conventional wisdom, born of old-fashioned paternalism and
new-fashioned feminist essentialism, holds that when women maim
or kill, they do so only from the cringing posture of a battered
wife or on orders from an unhinged boyfriend. Or, like Jean
Harris, who murdered her diet-doctor boyfriend, or Susan Smith,
who murdered her two little boys, they were really intending to
commit suicide and somehow "found themselves" killing others
instead. Either way, they manage to keep some saving drapery of
innocence and haplessness, even of victimhood.

Pearson's is in many ways an original book, but it did not emerge
in a vacuum. Over the last few years, criminologists have been
locked in an escalating debate about women's capacity for
violence. And that debate has in turn been shaped by the
longer-standing confrontation between equality feminists (who
argue, in this context, that a woman can be as power-hungry, as
greedy or as vicious as a man and that female criminals ought to
take responsibility for their crimes) and difference feminists
(who believe that women are gentler, more nurturant, more
virtuous -- and as criminals, more easily bullied).

In fact, that's just the trouble. So infused with ideology has
this debate become that the numbers trotted out by the
increasingly hostile camps have begun to seem muddled at best and
suspect at worst. Are women treated more leniently in sentencing?
The studies are all over the map. Are they just as likely as men
to beat on their spouses? Those who think they are -- and that men
are getting a bad rap as the sole perpetrators of domestic
violence -- cite the 1980 survey conducted by family violence
scholars Murray Straus, Richard Gelles and Suzanne Steinmetz. In
a random survey of 3,218 American homes, they found that 12
percent of men -- and 11.6 percent of women -- reported hitting, slapping
or kicking their partners. It's also true that many counties and
municipalities have reported increases in the number of women
arrested for domestic violence over the last few years. But then
again, these may be due to mandatory arrest laws, which oblige
police officers to collar the wife who hurls a plastic jar of
Jiffy in the general direction of her husband just as surely as
they do the man who smashes his wife's nose. Battered women's
advocates seem blind to the idea that some couples taunt and
torment each other with equal gusto and that some men may
actually be the brunt of domestic abuse; adherents of the
women-are-as-thuggish-as-men school seem blind to the fact that
even if a woman slaps first, men are physically able to inflict
more damage. As for the observation that, yes, some women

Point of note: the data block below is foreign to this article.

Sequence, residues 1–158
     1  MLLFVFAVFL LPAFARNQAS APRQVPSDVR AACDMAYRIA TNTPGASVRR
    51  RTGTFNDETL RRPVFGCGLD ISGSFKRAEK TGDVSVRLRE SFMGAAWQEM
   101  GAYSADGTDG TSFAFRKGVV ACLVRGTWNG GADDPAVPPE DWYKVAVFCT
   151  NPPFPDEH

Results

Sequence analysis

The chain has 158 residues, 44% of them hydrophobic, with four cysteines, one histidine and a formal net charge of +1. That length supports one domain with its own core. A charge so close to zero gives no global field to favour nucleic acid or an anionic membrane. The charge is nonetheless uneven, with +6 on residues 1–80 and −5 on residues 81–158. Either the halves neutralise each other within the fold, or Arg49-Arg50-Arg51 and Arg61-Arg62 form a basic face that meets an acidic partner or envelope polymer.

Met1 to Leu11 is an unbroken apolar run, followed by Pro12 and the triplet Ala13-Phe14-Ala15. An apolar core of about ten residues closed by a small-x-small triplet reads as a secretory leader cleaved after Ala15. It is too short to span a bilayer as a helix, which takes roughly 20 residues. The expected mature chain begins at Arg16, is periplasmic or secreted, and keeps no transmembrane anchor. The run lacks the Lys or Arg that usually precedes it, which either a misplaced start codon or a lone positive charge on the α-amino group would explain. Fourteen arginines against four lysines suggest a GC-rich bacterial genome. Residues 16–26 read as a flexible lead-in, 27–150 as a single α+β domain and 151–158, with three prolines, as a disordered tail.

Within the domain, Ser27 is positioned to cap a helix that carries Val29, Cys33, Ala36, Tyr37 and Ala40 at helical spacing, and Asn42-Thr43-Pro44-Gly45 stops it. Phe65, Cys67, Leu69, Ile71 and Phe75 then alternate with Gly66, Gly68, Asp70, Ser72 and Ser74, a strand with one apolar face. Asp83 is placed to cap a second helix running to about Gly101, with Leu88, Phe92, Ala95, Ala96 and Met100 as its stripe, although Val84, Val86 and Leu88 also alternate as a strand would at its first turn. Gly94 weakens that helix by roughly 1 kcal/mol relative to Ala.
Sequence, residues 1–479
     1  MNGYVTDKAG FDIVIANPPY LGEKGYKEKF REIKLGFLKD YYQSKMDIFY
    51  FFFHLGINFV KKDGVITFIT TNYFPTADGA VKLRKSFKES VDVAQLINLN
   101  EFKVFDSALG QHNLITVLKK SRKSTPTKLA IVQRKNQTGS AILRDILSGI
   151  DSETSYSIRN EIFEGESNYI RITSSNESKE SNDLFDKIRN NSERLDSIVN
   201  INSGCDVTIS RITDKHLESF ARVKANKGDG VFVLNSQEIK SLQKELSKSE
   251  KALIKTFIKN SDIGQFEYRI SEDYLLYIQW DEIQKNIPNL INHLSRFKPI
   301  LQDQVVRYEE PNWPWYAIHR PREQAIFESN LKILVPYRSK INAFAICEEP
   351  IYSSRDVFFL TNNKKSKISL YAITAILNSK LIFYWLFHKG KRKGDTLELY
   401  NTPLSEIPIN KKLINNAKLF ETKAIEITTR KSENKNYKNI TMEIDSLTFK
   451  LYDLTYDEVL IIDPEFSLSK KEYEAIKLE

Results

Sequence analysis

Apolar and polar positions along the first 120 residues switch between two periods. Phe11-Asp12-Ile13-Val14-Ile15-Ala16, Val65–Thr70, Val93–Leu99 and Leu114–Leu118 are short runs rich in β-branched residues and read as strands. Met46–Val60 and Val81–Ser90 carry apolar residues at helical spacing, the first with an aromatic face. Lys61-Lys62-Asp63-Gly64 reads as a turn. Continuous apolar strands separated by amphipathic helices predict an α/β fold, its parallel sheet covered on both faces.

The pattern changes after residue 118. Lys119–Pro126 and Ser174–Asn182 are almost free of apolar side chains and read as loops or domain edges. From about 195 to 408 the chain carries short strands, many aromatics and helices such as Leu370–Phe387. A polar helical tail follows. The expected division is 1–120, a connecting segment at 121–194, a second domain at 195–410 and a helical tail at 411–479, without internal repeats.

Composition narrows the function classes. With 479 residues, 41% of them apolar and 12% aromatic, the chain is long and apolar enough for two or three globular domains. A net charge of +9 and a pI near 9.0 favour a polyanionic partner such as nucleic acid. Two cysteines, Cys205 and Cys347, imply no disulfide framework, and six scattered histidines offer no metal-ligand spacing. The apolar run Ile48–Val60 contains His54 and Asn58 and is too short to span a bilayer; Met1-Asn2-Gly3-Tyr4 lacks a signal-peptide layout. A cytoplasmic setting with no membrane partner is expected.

clearly are capable of mayhem but for whatever reason, women
resort to it far less often than men -- suffice it to say that
you'll wade pretty deep into this debate before you're likely to
encounter such common sense.

- - - - - - - - - - - - - - - - - - - - - -

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"When She was Bad" has much to recommend it -- clear and
vigorous prose, an engagingly urgent tone, plenty of reporting.
But it is also, alas, very much an artifact of this rigidly
polemical debate. On the one hand, Pearson details the exploits
of enough female rogues and ghouls and offers enough startling
statistics -- 17 percent of American serial killers are women; the
majority of child homicides in the United States are committed by
women -- to shake up the most sanctimonious believer in the moral
superiority of females. She is excellent on the subject of the
battered women's defense, arguing that it has been applied so
loosely that it is in danger of becoming an all-purpose excuse
for female criminals, a denial of women's free will and moral
agency. She has interesting things to tell us about why it is
that even women who commit the most "male" of crimes -- serial
killing or the killing of strangers -- don't seem to frighten us as
much. Aileen Wuornos, the armed robber and sometime hooker who
shot seven of her johns and dumped their bodies in the
Everglades, was the subject of a sympathetic TV movie that
portrayed her as the helpless victim of child abuse. (Imagine,
Pearson asks us, if somebody made a movie about Charles Manson or
John Wayne Gacy, also victims of child abuse, that depicted them
in a mainly pitiable light.) Female killers, as criminologist
Eric Hickey points out, attract monikers that either trivialize
them -- "Old Shoebox Annie," "Giggling Grandma" -- or sexualize
them -- "Black Widow," "Beautiful Blonde." (Compare those to "The
Slasher" or "The Night Stalker" or "Jack the Ripper.")

"No female serial killer has the mythic force of the classic
predator," Pearson observes. "We find it impossible to perceive
of them as frightening." One reason for this, she points out, is
that women who murder more than once are still "place-specific"
killers. They don't tend to prowl. Like Waneta Hoyt or Marybeth